By Kristina Carroll

Loading onto a Whistler chairlift is like pulling up a seat at a stranger’s table—you never know who you’ll sit with or what stories they’ll have to tell.

Riding the lifts can easily turn us into silent voyeurs. Often the only sounds are the passing wind and crinkling jackets as we shift, sitting and watching the boarders and skiers carving and slashing below. However, dangling from this wire queue where time is measured by the space between lift towers, why not exchange a word or two with your chairlift companion? You’d be amazed by what a stranger can tell you in 20 towers or less.

On Whistler’s legendary Peak Chair (a quick one at only 12 towers) I once sat next to a petite, wispy woman stylishly dressed in Nike’s latest plaid jacket-vest combo. I commented that I liked her jacket, bashed the pricing, then segued into a rant about corporations while she nodded politely before softly mentioning getting her jacket at a discount.

“How?” I asked.

She had designed it. I fumbled over my apologies, picking the last bits of my foot from my teeth. With a sweet smile, she quietly said, “no worries.”

“So, do you see people on the mountain wearing stuff you designed?” I asked.

“Sure.” She pointed to a snowboarder wearing a unique jacket with a trout design and a girl in a bright puffy red jacket. Then she pointed to me, to my Westbeach Jacket. “I designed that, too. I used to work for Westbeach…years ago,” she explained earnestly. (While also unintentionally dating my fashion sense, or lack thereof.)

I looked ahead, 9 towers to the top. I asked her about the designing process. She happily explained– First she collects inspiration from all over: magazines, blogs, fabrics, even going so far as to sketch bathing suit patterns on the beach in Hawaii or sneak pics with her iPhone at the bar in Whistler when she thinks no one is looking.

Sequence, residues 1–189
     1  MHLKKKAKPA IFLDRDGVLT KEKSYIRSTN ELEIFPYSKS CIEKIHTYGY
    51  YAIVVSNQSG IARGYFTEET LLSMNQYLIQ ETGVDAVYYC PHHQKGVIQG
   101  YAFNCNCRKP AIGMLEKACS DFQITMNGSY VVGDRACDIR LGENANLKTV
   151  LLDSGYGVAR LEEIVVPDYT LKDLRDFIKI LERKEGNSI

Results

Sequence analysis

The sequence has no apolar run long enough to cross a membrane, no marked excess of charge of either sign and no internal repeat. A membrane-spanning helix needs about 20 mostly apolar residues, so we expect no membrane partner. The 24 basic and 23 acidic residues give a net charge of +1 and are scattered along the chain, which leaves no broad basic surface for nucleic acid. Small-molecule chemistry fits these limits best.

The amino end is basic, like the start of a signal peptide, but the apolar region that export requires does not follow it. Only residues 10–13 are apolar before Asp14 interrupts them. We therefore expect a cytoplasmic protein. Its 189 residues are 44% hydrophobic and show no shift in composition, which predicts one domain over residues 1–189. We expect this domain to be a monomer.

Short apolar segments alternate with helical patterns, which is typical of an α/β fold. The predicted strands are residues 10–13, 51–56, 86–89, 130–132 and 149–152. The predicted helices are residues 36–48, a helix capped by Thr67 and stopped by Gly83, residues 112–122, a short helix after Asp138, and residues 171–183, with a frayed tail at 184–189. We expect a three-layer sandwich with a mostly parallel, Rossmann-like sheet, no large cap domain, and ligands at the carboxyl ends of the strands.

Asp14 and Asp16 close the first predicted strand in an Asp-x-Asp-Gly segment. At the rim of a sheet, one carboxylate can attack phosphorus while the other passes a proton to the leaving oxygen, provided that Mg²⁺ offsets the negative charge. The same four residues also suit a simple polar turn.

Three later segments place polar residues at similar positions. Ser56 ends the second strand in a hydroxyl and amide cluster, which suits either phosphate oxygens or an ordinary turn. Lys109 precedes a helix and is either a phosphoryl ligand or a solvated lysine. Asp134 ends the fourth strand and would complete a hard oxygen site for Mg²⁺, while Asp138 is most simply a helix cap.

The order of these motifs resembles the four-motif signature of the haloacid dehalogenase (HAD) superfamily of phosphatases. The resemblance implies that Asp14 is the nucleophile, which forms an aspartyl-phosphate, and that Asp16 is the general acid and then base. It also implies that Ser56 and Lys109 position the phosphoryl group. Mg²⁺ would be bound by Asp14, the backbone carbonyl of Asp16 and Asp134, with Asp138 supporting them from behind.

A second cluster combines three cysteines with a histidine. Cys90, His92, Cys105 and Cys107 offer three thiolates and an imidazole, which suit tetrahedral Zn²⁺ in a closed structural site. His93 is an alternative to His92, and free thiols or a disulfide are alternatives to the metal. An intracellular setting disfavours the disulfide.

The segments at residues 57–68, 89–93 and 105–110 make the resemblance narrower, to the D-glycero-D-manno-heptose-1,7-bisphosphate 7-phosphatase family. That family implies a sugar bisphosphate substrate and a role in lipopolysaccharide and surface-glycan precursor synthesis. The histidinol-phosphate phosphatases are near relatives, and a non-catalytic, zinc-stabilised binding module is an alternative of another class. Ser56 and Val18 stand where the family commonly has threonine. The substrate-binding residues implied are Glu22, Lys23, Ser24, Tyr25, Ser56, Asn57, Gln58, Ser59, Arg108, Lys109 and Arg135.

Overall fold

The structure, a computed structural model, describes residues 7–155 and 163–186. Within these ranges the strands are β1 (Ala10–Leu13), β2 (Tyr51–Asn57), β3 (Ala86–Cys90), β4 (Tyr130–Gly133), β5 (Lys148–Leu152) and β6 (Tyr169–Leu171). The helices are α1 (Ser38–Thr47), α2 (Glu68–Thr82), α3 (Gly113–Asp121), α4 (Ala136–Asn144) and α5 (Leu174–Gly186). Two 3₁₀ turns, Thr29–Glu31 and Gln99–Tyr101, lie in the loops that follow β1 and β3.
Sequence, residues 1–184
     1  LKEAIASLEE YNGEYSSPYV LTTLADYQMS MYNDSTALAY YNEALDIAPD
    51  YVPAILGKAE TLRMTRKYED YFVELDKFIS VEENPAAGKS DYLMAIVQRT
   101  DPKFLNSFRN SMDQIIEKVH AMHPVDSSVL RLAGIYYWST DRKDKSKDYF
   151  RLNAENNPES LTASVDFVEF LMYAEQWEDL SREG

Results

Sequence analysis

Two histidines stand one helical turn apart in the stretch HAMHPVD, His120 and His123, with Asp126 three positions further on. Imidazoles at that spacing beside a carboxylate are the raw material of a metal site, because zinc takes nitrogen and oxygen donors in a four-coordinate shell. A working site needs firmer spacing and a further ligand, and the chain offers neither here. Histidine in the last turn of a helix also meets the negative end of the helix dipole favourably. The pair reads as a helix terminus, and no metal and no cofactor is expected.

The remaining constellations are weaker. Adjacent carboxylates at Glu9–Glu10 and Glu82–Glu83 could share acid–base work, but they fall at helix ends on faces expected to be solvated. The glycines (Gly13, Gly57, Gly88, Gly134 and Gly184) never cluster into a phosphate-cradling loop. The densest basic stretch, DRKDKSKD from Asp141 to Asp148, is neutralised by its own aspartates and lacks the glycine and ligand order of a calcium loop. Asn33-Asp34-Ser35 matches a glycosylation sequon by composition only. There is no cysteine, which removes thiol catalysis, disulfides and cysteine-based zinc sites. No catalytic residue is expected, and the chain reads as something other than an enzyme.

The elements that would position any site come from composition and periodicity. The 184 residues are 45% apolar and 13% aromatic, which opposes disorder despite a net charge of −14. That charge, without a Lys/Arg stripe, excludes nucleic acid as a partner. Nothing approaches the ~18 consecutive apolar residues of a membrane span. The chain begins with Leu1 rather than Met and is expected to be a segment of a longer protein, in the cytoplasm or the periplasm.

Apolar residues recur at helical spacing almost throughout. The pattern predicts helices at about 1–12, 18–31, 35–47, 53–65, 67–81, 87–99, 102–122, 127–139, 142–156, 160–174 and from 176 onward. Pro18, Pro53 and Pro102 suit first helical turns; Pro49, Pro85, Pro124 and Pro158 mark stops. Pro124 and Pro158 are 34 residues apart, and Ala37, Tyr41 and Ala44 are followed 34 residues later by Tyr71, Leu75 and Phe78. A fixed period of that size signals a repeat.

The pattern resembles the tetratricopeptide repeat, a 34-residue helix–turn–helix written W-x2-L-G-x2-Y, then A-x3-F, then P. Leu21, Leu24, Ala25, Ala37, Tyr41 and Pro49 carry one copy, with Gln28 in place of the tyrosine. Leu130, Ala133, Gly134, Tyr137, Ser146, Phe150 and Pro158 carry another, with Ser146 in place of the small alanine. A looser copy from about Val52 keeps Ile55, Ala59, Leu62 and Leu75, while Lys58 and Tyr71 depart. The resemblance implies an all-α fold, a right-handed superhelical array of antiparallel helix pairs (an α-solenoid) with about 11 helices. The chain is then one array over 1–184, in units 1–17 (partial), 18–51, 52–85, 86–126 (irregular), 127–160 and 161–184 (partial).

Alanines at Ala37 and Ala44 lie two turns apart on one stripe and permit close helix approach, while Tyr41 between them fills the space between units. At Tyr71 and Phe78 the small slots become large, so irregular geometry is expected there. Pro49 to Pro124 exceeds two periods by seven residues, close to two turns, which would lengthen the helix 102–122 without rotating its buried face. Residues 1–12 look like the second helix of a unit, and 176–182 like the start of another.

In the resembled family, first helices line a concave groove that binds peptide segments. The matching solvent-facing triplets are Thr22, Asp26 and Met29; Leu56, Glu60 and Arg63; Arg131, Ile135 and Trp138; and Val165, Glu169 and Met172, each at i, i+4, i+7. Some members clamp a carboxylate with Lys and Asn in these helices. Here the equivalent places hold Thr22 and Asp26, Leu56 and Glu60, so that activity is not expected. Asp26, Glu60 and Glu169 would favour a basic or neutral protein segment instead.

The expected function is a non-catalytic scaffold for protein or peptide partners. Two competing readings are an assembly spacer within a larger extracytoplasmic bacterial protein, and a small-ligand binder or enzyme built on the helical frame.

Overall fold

7 towers left. She talked about designing the structure of the outerwear (measurements, buttons, flaps, stitches, the nifty little pocket to tuck your iPod) on her computer. This is called a tech pack.

3 towers left. The tech pack then goes through the gauntlet of a creative team, then to the factory for a prototype, then back to her for adjustments, then back through the creative team, then, then, then…

1 tower left. She finishes by pointing at me again. “Then you wear it.”

“Wow. Thanks,” I meant it for the story but suddenly I loved my trusty old jacket a little more, as well.

Lift the bar. We reach the Peak. Goodbye.

When you’re caught-up in Whistler’s bright, playful, high-energy vibe it’s easy to forget that this is a small place with huge culture. Much of Whistler’s art, movies, music, and yes, even fashion is inspired and created right here in the mountains, perhaps by someone sitting next to you. Despite the vastness of the view below, the chairlift can serve as a reminder of just how small of a world it really is.

Here’s a super quick Youtube panoramic of the views from Whistler’s Peak Chair.


Feet Banks moved to Whistler at age 12 so his parents could live the dream and ski as much as possible. He ended up living it too. After leaving home Feet did a few good stints in warmer climates and 4 years of writing school before returning to the mountains to make ski movies, hammer out a journalism career and avoid the 9-5 lifestyle as long as possible. He’s been a hay farmer, a hole digger, a magazine editor and has a jump named after him on Blackcomb Mountain, Feet’s Air. It’s tiny.